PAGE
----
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May 17, 2011 Comments (0) Grab Bag

OutSmart Survival Guide Book Review

Outsmart Survival GuideWhile nothing replaces knowledge and practicing perishable skills before you get into trouble, sometimes it’s nice to have a reminder to brush up on that knowledge and experience when things don’t go so well. Under stress we sometimes forget things we have learned, or need a refresher to jog our memories and bring us back up to speed. That’s where survival and first aid manuals can really come in handy.

The problem often is that as good as some of these books are they’re too big to always pack around with you. I’ve seen some decent survival pamphlets provided in survival and first aid kits and they’re certainly better than nothing, but they often are stripped down to the bare bones as far as information goes. I’ve often wanted something in between the shelf sized survival volume and the brief pamphlets you sometimes see so when I stumbled onto the OutSmart Survival Guide from Integrity House Publishing I felt that I may have finally found something that was just right.

Outsmart Survival GuideThe OutSmart Guide is truly a pocket sized book at 3.5 x .25 x 4.5 inches in size and weighing only 2.1 ounces. The guide is 72 full color pages long and is set up in a rather unique manner. It’s really two books in one, a survival guide and a first aid manual. If you start reading in a conventional manner you’ll see that every other page is upside down! The way the book works is that one side has all of the first aid material on it, and when you flip the book around and read from the back you get the backcountry skills/survival material. It’s a slightly odd setup but it does keep the two sections separate so that you can address one topic at a time and narrow down your search to the pertinent half of the book. The book is nicely printed on heavy, glossy stock and is very well illustrated.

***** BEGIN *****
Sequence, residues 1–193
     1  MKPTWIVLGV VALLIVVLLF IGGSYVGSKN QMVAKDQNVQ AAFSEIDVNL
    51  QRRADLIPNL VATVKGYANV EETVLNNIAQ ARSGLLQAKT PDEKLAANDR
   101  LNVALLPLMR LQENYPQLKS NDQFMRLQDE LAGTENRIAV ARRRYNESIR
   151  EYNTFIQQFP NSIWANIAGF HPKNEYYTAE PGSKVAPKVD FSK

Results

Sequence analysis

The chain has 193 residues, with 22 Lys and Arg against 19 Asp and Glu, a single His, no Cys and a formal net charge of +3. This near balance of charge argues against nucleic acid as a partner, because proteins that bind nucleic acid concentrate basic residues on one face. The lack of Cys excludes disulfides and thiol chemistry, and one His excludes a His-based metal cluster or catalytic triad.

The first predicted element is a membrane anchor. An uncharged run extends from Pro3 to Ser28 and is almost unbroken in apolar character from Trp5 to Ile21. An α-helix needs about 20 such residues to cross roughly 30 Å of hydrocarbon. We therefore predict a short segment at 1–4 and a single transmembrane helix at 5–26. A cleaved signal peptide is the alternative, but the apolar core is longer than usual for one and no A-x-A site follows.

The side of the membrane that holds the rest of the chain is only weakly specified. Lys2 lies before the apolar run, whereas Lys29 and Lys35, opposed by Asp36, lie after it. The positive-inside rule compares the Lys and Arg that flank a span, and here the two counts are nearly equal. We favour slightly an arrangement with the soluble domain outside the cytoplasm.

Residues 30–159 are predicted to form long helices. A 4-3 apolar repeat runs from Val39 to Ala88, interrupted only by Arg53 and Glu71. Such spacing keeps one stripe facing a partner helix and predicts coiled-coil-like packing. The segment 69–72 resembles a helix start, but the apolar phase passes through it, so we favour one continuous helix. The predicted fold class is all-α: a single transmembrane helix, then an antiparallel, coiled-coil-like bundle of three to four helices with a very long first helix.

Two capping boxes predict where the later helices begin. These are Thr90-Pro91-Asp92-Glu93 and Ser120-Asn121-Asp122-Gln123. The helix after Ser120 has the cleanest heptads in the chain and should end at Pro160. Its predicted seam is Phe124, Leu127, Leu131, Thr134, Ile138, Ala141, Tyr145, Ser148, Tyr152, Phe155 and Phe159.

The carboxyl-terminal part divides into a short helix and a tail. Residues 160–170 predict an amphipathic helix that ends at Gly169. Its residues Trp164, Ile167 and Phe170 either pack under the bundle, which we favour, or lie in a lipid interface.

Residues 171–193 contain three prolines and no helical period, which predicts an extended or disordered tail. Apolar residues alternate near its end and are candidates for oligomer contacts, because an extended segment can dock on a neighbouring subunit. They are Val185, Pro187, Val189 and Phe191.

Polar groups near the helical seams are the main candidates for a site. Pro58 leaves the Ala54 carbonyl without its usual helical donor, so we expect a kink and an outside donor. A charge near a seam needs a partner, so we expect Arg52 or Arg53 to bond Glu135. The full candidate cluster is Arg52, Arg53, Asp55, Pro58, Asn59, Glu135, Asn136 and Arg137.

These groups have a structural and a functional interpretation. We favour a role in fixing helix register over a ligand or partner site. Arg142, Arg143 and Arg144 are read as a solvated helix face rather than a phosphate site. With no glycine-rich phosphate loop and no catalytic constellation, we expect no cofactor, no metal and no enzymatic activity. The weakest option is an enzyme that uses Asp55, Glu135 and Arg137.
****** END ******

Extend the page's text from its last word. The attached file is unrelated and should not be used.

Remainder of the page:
Outsmart Survival GuideThe first aid portion of the book is 32 pages and runs the spectrum from bug bites through strokes, fractures, and bleeding. That portion of the book is written by Ron Dawson with input by a wide array of physicians and emergency medicine professionals. The text is small, but readable and they pack an awful lot of information into those 32 pages.  The backcountry skills section runs from page 33 to 66 and is once again authored by Ron Dawson, this time with input from a variety of specialists in the outdoors field. This section of the book covers what to do before you hit the woods, what to do when you find yourself lost, and gives detailed sections on fire, shelter, signaling, water, knots, plants, map and compass work and even hunting. There’s also a section on survival gear which obviously should be read before you hit the woods! Once again this section is well illustrated with nice color drawings and diagrams.

While the material covered in the OutSmart Survival Guide may not be new to students of the outdoors it does a very good job of packaging a lot of material in a size that truly is pocketable. The book will slip into a shirt pocket, many survival kits, a day pack, or even your back pocket. It’s one of the few survival manuals I’ve seen that’s sized so that you really can have it with you in an emergency.  While you definitely should get some firsthand training and experience before you hit the woods it never hurts to have some reminders and backup material with you to help you out of a jam. At a cost of only $5.25 for a single copy ($6.50 shipped) and price breaks for multiple copies there’s really no reason not to have one of these books stashed with every emergency kit, daypack, and field coat that you own!
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www.outsmartsurvivalguide.com

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